Macbeth seems to genuinely not know that he's the most likely next king, yet gets upset when he won't be the next king.
The sequence works something like this:
- Macbeth is closely related to The King.
- Macbeth is the king's best general.
- Macbeth is a shoe-in for being elected King next.
- Macbeth is surprised when the witches suggest that he could be king.
- Macbeth states strongly how he is not seeking the throne.
- Malcolm, the King's son, is promoted to a higher standing.
- Macbeth gets upset that there's now someone else in line for the throne ahead of him.
So let me get this straight. Macbeth isn't aware that he's next in the for the throne? Macbeth is surprised that he could be the next king? I doubt those assertions in the strongest term. Macbeth must have known his strong standing to be the next king, because that is why he gets pissed off when The King advances his own son before Macbeth.
Then we have Ross delivering a message to Macbeth that he's been given a new title, and relates the news how the old thane was a traitor. That wouldn't be bad if we hadn't seen Ross in the previous scene speaking to The King, and The King never said anything about a traitor. Ross just magically acquired information by showing up. I presumed that he used osmosis.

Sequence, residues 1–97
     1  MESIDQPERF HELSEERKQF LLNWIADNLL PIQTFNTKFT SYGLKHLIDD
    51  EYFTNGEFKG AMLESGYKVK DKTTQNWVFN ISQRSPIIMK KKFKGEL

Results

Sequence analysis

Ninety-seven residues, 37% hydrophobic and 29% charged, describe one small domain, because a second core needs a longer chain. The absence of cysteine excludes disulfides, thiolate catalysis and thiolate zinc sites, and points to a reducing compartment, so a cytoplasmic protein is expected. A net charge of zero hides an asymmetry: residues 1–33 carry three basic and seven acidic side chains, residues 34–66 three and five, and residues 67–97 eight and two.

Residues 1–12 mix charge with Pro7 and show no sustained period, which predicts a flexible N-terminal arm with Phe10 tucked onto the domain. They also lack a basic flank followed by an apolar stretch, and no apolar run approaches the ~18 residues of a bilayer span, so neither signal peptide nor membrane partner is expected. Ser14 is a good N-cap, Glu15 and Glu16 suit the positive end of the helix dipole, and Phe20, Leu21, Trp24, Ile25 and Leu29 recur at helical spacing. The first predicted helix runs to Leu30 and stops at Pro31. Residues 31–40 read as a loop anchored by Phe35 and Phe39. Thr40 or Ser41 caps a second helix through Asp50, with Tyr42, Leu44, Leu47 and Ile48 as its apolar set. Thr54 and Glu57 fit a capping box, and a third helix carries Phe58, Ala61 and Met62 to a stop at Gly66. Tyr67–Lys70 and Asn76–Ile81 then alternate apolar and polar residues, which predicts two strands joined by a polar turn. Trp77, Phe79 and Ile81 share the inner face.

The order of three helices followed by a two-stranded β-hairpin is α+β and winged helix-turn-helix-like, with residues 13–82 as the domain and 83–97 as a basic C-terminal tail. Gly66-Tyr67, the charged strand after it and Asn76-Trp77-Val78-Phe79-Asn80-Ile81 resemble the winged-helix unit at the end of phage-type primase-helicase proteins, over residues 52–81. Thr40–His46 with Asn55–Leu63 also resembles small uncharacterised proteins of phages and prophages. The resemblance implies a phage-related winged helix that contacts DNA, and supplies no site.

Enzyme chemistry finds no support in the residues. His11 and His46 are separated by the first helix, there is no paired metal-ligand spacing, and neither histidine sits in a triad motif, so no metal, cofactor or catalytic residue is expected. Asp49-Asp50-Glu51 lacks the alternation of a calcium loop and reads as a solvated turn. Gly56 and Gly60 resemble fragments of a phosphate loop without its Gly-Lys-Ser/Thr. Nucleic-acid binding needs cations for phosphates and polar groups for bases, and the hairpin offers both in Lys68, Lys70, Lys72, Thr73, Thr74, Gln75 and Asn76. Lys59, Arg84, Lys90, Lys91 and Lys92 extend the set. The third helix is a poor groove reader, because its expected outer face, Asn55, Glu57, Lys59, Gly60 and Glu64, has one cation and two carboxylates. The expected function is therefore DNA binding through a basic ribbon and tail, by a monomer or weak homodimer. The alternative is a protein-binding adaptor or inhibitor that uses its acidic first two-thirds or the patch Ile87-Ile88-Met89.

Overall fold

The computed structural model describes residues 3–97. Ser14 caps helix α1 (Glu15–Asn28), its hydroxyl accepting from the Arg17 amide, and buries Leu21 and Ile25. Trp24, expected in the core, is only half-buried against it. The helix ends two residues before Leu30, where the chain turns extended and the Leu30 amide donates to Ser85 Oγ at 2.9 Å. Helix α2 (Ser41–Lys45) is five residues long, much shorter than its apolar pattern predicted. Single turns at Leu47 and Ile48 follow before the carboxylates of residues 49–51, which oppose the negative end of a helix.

Bill, get thee to an editor.
Then we have Lady Macbeth who is so present early in the play, then disappears, only to be axed offs screen. Really? You show some other lady getting offed by Macbeth's soldiers, but you don't even bother with Lady Macbeth? Here death is just a shout-out? I am disappointed.
Then there are the witches, and they don't really do anything in the play at all. Macbeth is well on the road to screwing everything up all on his own. The witches don't really provide any help at all. They tell him that he could be king, which he should have already known, and told him the best place to hole up against an army, which happened to a fortress perfect for holing up against an army. Brilliant, eh?
Then there's the whole Banquo fiasco. Macbeth decides to assassinate Banquo despite the fact that Banquo was his first supporter in overthrowing the current king. Naturally, when one gets a supporter, one murders him quickly, right? Am I right? Politically, it's a good move as he eliminates the only general who might be able to oppose him, but that reasoning is never followed up on. No, he was just paranoid that Banquo might find out that Macbeth had done the very sort of thing that Banquo had urged him to do.
And those are just the problems that I remember. So, if someone out there decides to novelize a Shakespeare novel, then writer beware. I'm stupid enough to do this twice, but if you decide to be that stupid, that's on your own head.